P&O is the latest cruise line to add automatic daily gratuities to passengers’ onboard accounts. My tip for P&O? If you want to avoid angry customers, make sure they know all the facts.
Last December, we asked for your opinions on cruise tipping after Fred Olsen decided to change its policy and start charging a set daily amount. Most of you were against it, like John:
‘On balance I think the whole thing is an embarrassment and an anachronism that has no place in modern cruising. The wages should be decent and the fare should be set accordingly.’
And Barbara praised P&O’s tipping:
‘I prefer the method on P&O who let you tip each waiter and cabin person individually according to the service given.’
Oh dear. Barbara is unlikely to be happy with P&O’s recent change of course. On most of its ships, passengers currently pay any gratuities directly to the cabin stewards and waiter (if they so wish). But from next spring, the cruise operator will add £3.10 per person, per day onto bills that will be paid for at the end of the trip. This is to cover service charges for various ship staff.
Just the tip of the iceberg
It may not sound much, but a couple on a 99 day world cruise will end up paying an extra £608 in service charges. P&O says it has introduced this system because it ‘creates clarity for everyone by removing any awkwardness and confusion’ over how much they should tip.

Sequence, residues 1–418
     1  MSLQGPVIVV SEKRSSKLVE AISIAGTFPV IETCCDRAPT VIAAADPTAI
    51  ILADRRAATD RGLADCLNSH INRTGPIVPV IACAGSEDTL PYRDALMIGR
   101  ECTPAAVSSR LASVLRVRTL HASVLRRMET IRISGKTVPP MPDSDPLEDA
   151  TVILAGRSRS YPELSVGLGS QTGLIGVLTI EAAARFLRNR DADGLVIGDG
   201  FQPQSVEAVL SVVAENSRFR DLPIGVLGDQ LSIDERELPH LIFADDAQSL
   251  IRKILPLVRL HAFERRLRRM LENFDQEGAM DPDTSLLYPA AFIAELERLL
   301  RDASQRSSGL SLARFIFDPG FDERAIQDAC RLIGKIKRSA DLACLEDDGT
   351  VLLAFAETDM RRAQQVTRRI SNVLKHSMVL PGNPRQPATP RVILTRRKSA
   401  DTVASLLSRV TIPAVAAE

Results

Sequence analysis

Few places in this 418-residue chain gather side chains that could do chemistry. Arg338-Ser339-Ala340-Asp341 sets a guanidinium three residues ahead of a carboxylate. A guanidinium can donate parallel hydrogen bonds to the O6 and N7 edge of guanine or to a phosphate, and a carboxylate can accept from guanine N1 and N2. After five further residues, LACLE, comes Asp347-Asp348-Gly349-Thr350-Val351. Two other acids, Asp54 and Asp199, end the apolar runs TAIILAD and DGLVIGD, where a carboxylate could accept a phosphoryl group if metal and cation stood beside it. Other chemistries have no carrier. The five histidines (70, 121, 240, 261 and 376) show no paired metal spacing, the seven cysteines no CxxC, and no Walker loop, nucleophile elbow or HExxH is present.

Ever more ships (particularly US-owned ones) now automatically add service charges like this to people’s accounts, and often much more – at around £7 per passenger, per day.
And when you factor in an extra obligatory service charge, often 15%, which is added to all chargeable drinks and spa entry – not to mention a dotted line on the drinks receipt inviting you to add a further tip – it’s no wonder we Brits get frustrated.
Only premium cruise lines such as Regent, and a few more mainstream companies like Saga and Thomson, include service charges in their overall price. They then allow passengers to tip individual staff for exceptional service. Isn’t this a better way to encourage future good service?
Cruise companies need to be transparent
It’s true that the daily service charge is virtually always discretionary – you can get the amount adjusted or opt out of it completely by asking at the ship reception, although staff may dissuade you from doing this.
But how well-informed will P&O customers be about this new system? Will it be made clear to you at the time of booking (whether online, by P&O sales staff or by travel agents) that there will be this extra charge to pay at the end of the trip?
If not, that will be a nasty surprise for passengers, especially those loyal customers who cherish the more traditional tipping ways.
And I wonder if all customers will be told that they have the option to opt out of paying the charge? Several Which? members have told us that on other cruise lines, they only found this out by chance when talking to other people onboard their ship.
So, what do you think is the best system for tipping on cruise ships?
- Pay a lower price for your cruise, and pay a daily amount to be shared amongst crew.
- Pay a higher price for your cruise, and have no tips to pay once onboard.
- Pay a lower price for your cruise, and pay tips to staff individually at your discretion.